Maureen Eppstein

Words Unsaid

In My Sister's Garden
Morning Light
The Almond Orchard
Manaia

 

First published in:
Bellowing Ark Vol 10 No. 5 (1994)

 

 

In My Sister's Garden

I'd not have guessed she'd liberate her vegetables.
They grow in casual clumps, self-set
lettuce and beets wave flowery stems to set again,
old cabbages, like pensioners, enjoy the sun,
pansies purr round their stems.
A mulch of pulled weeds blankets the soil.

Once more she leads me by the hand:
my secret pleasure in disorder
(plants in cracks)
repressed in deference to her,
the sensible one,
self-confident,
sharp-tongued,
now sanctioned in her yard.

The old resentment flares.
Old rivalries, still rampant,
crowd tendrils of familial love.
I'm tired of carrying them around.
The compost heap on which the pumpkin sprawls
will serve as dumping place.

This garden is the affirmation
of a person I might like to know.
Gently it tells me how alike we are
behind our public masks,
behind our rivalries.
Here I learn the sisterhood we cannot speak.

 

First published in:
Bellowing Ark Vol. 12 No. 2 (1996)

 

 

Morning Light

Early morning, while visiting relatives sleep,
I escape a while from hostess duty.
In the garden dew glitters on spiderwebs,
birds rustle and chitter in the hedge.
Before the bees wake I pinch spent blooms
of cosmos and bachelor buttons,
coaxing them into color a few more days.

Soon sounds of stirring break my solitude.
My dad pads out to watch me as I work.
As a child I stood in awe
at his workbench skills.
Now he is close to death,
his failing heart a mechanism he cannot fix,
yet he's come this tiring half-world journey
for the wedding of my son,
his grandson, whom he scarcely knows.

His bare toes knead the bricks.
He smiles and nods into my silence,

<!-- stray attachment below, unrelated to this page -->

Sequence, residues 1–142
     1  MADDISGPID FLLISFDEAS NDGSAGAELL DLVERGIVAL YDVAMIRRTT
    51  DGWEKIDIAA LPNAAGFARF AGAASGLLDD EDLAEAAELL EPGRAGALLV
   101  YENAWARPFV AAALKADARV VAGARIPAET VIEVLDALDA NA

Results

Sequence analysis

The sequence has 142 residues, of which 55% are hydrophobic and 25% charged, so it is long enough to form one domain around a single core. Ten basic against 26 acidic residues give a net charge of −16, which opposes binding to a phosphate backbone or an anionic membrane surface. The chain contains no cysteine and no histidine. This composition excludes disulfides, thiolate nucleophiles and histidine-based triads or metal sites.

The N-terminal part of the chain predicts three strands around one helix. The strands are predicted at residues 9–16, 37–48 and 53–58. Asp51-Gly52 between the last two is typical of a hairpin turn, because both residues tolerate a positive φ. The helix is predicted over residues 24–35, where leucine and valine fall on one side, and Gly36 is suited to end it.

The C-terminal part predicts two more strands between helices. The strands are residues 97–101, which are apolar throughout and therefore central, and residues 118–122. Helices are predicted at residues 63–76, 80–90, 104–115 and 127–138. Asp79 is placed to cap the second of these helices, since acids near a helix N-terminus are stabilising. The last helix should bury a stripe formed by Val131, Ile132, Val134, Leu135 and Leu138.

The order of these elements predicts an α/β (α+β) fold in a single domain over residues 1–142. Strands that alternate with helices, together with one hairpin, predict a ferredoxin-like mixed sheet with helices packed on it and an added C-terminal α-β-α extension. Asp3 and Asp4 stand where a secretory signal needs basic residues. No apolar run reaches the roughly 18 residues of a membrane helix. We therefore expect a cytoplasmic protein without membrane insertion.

my hands nimble across the flowers,
lit now by morning sun.
"They're looking great," he says, and in his words
I hear the words he cannot say.

 

First published in:
Green Fuse Vol. 11)

 

 

The Almond Orchard

Look now,
before it is too late.

I lost the almond orchard yesterday,
car full new fall eager
down the old school road
(suburban gingerbread
close-packed
with natty yards).

Look now in wonder at the hills,
rejoice
before it is too late.
I have not wept enough.
Now gone.
Only the desolate brown
of harrowed earth
and trees in dying mounds.

Look now,
hold in your mind
the precious things,
the horizontal harmonies,
chromatic cadences of mustard weed,
and gaunt black stubby silhouettes of trees,
the gray blue solid shadow of the hills.
Quick, find the words to hold
the secret greening of the almond flower,
subaqueous white
in the black trees
on a mustard sea,
blue hills beyond.

Now it is gone.
Too late.

 

First published in:
convolvulus No.22 (1998)

 

 

Manaia

The giver was a stranger,
owner of a shop I'd stumbled on,
crammed with masks and artifacts
from lands with far-off names,
and carvings in the local style, his work.

Nothing between us but this carved
and polished disk of bone,
small as a St. Christopher,
in the form of a manaia:
tail coiled like a fern frond unfolding
New beginnings, he said,
or a lizard, keeper of life and death,
the head in profile, beaked like a bird,
a guardian spirit to keep me safe.
Pop it in your purse, he said,
knowing I was a visitor
in the country of my birth.

Nothing between us but this shared glimpse,
through the spiral of space
enclosed by the lizard tail,
of a journey that had dangers.
Not the hours of ocean cramped in an airplane seat,
nor the arrival, but another kind of risk,
that other expedition into who I am,
the coming home, wherever that may be.
Take it, he said, and Thank you, I replied.

 


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Updated: March 25, 1998        webmaster@ramonahouse.com